Generating electricity from renewable solar and wind sources has two inherent problems: The sun doesn’t always shine and the wind isn’t always blowing. As a consequence, using electricity from these renewable sources efficiently requires storing it for when it is needed.
In recent years, the two most common methods of storing electricity have involved large lithium-ion batteries and reverse hydropower, in which water is pumped uphill and stored, then sent down through turbine generators when the electricity is needed. Another way to store electricity or energy is to use it to split water into hydrogen and oxygen and then burn the hydrogen later to create electricity.
Fortunately, a better option for storing renewable electricity may exist—one involving the use of flywheels. A flywheel has a dual-function electric motor to store and generate energy. It uses electricity to spin the flywheel so that it is storing kinetic energy, and the faster it spins, the more energy it stores.
Then, when required, the kinetic energy in the flywheel spins a generator’s rotor, producing electricity. Using this energy to drive a generator reduces the flywheel’s rotational speed, a consequence of the principle of energy conservation. In practice, flywheels can be considered mechanical batteries.
The U.S. Navy needed a way to provide energy to new directed-energy weapons. Generators provide sustained power, but not quickly enough for the needed short bursts of high power. The Navy currently uses banks of lithium-ion batteries and, although they can provide energy rapidly, they contain hazardous materials and pose risks to warships. They are also prone to thermal runaway (catching fire) and tend not to work well at high and low temperatures.
To solve this problem, a team of engineers from Vishwa Robotics and the Massachusetts Institute of Technology designed a mechanical battery that uses an array of flywheels housed inside a box. In general, flywheels can’t compete with chemical batteries in terms of energy storage. However, this new approach is a collection of smaller flywheels units rather than a single large flywheel. This lets individual small flywheels spin much faster, thereby storing much more kinetic energy.
Also, specially created bearings make the small flywheels more efficient and cost-effective, and able to store more energy than a lithium-ion battery of the same weight and release it faster with no thermal risks.
The new design has software that manages the flywheel array, monitoring and drawing power from different wheels to match demand. Vishwa Robotics believes that the mechanical battery can be used in a wide range of applications, including domestic and industrial energy storage, and can be scaled to any size.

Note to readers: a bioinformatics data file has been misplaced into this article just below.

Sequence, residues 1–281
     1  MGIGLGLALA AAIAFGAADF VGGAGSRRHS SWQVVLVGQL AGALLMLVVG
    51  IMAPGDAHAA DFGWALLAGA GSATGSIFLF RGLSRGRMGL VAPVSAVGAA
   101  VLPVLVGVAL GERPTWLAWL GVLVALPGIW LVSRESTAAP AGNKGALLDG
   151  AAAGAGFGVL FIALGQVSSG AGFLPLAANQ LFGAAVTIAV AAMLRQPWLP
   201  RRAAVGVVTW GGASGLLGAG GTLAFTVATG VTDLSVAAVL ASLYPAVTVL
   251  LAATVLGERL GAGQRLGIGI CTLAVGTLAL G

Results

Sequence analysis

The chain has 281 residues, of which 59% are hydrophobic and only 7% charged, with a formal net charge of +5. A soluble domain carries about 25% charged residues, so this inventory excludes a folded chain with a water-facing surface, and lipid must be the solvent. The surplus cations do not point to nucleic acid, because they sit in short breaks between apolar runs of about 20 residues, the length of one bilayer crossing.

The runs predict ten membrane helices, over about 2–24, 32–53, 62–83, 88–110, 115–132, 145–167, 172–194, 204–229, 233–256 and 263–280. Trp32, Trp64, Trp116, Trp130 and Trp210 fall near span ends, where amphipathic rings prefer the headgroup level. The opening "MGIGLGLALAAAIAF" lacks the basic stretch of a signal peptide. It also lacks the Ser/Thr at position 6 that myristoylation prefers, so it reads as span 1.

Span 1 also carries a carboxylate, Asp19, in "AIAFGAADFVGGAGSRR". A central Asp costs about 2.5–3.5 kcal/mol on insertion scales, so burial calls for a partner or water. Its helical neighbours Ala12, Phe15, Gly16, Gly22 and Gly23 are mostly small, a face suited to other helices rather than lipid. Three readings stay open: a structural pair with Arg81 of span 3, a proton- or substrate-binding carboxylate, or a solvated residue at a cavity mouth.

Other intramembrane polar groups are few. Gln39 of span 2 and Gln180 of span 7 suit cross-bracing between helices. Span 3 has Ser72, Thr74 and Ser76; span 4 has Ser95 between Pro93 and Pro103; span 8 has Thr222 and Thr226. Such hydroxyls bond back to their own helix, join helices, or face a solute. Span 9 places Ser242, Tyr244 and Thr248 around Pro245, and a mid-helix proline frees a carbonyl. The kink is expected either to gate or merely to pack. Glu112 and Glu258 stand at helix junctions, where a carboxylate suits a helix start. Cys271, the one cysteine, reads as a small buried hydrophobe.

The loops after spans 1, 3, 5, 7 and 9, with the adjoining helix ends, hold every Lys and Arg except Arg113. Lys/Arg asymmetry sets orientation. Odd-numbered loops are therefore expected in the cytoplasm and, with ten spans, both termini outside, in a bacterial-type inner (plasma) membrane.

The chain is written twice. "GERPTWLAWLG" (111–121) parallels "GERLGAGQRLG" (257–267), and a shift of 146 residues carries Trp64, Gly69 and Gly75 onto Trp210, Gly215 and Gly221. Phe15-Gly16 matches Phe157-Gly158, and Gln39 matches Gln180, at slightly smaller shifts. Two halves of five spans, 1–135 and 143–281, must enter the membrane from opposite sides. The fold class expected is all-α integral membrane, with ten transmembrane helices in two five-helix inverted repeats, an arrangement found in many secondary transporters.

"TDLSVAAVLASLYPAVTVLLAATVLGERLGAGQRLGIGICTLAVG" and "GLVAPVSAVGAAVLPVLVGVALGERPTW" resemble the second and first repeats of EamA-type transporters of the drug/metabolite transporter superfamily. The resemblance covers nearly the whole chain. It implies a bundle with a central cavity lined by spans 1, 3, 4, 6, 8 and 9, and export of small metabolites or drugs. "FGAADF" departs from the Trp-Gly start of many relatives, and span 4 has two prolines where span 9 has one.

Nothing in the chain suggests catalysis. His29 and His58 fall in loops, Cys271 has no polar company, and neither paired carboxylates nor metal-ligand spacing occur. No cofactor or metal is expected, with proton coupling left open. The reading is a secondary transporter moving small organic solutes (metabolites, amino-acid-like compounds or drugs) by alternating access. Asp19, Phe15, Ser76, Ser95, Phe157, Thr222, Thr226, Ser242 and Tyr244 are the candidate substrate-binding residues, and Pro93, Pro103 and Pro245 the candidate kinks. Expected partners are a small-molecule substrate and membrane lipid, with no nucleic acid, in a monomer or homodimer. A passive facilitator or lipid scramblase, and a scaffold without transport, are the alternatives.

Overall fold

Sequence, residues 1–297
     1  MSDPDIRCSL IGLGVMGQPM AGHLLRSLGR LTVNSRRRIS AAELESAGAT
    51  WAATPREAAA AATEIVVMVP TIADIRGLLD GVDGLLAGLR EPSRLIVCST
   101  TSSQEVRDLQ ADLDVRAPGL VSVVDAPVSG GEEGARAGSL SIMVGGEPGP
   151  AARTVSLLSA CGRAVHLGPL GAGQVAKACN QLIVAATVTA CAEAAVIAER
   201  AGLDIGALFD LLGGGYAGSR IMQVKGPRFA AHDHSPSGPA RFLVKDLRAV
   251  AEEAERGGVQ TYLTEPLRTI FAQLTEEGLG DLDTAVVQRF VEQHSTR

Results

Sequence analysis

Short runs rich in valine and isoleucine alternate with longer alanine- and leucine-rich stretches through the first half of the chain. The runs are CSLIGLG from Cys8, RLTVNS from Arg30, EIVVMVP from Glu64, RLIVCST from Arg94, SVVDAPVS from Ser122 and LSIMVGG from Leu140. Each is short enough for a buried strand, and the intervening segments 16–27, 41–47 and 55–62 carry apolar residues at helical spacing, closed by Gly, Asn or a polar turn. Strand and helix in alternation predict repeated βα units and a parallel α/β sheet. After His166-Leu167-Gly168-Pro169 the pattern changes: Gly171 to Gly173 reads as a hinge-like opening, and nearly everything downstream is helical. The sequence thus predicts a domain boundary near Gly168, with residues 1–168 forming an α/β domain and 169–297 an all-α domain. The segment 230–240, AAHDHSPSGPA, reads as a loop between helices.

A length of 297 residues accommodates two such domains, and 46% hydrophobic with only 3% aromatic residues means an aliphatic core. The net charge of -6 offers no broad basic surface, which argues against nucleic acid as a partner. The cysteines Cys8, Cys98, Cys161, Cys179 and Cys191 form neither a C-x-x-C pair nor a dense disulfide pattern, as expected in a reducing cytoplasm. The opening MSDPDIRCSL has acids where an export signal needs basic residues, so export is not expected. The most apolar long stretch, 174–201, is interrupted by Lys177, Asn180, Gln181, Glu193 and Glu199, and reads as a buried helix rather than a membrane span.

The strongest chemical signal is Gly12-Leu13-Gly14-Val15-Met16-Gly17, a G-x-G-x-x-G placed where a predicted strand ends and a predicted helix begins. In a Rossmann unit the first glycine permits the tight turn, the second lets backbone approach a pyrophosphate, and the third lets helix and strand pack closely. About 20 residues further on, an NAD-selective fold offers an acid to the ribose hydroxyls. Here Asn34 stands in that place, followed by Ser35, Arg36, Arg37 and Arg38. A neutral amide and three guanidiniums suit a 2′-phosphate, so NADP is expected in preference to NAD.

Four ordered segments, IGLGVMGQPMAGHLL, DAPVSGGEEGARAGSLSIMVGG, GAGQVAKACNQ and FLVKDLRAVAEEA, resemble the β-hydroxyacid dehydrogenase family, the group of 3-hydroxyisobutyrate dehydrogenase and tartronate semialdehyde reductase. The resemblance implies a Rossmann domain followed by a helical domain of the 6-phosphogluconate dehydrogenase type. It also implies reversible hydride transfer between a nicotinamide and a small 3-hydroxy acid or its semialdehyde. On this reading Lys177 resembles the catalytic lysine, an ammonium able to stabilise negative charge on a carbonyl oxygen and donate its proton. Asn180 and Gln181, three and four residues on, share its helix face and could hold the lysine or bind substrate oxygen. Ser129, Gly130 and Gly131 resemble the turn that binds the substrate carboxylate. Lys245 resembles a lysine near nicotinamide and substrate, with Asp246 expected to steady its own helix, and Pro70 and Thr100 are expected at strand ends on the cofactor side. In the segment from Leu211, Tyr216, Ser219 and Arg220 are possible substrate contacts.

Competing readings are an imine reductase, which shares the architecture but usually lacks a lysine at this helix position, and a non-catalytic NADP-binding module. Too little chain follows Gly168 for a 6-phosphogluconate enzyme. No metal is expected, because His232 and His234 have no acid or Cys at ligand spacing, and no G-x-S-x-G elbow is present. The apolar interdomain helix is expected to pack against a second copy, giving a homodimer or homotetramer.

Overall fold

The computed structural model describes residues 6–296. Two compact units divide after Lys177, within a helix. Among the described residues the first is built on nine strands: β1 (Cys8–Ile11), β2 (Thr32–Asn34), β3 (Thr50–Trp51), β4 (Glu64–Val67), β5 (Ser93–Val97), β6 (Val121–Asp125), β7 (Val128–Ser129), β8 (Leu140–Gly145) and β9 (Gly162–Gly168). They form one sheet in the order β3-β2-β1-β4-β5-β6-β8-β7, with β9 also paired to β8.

In addition, the materials used in the mechanical battery are more widely available than those required for chemical batteries. Unlike chemical batteries, which become less efficient after a few hundred charge/discharge cycles, the mechanical battery shows no effect after tens of thousands of cycles.
However, experience has shown that flywheels can disintegrate due to forces created by spinning. This means the design, mechanics and materials need to be carefully selected. Advanced flywheel-based energy storage devices have rotors made of high-strength carbon-fiber composites that are suspended by magnetic bearings and spinning at speeds from 20,000 to over 50,000 rpm in a vacuum enclosure. These flywheels come up to speed in a matter of minutes, reaching their energy capacity much more quickly than some other forms of energy storage.
Compared with other ways to store electricity, flywheels have long lifetimes and require little or no maintenance. Full-cycle lifetimes for the flywheel devices range from 105 to 107 cycles of use, and energy levels between 360 and 500 kJ/kg. The devices have large maximum power outputs and energy efficiencies, also known as round-trip efficiency, as high as 90%.
Unfortunately, flywheels cannot be used for longer-term energy storage if they are not regularly topped-up, as energy losses dissipate the stored energy (albeit slowly). This limitation can be overcome if one day’s production of renewable electricity can be used within a couple of days and the system is continually topped-up.
The U.S. Navy awarded a two-year development contract for the mechanical battery in April 2021, which will include testing performance and safety under various conditions. The device will be evaluated for supplying power not just for weapons but for sensors and propulsion—for example, in uncrewed submarines—and for backup power.
David Whitby is chief executive of Pathmaster Marketing Ltd. in Surrey, England. A slightly different version of this article first appeared in Tribology & Lubrication Technology (TLT), the monthly magazine of the Society of Tribologists and Lubrication Engineers, an international not-for-profit professional society headquartered in Park Ridge, Ill. Reprinted with permission from STLE.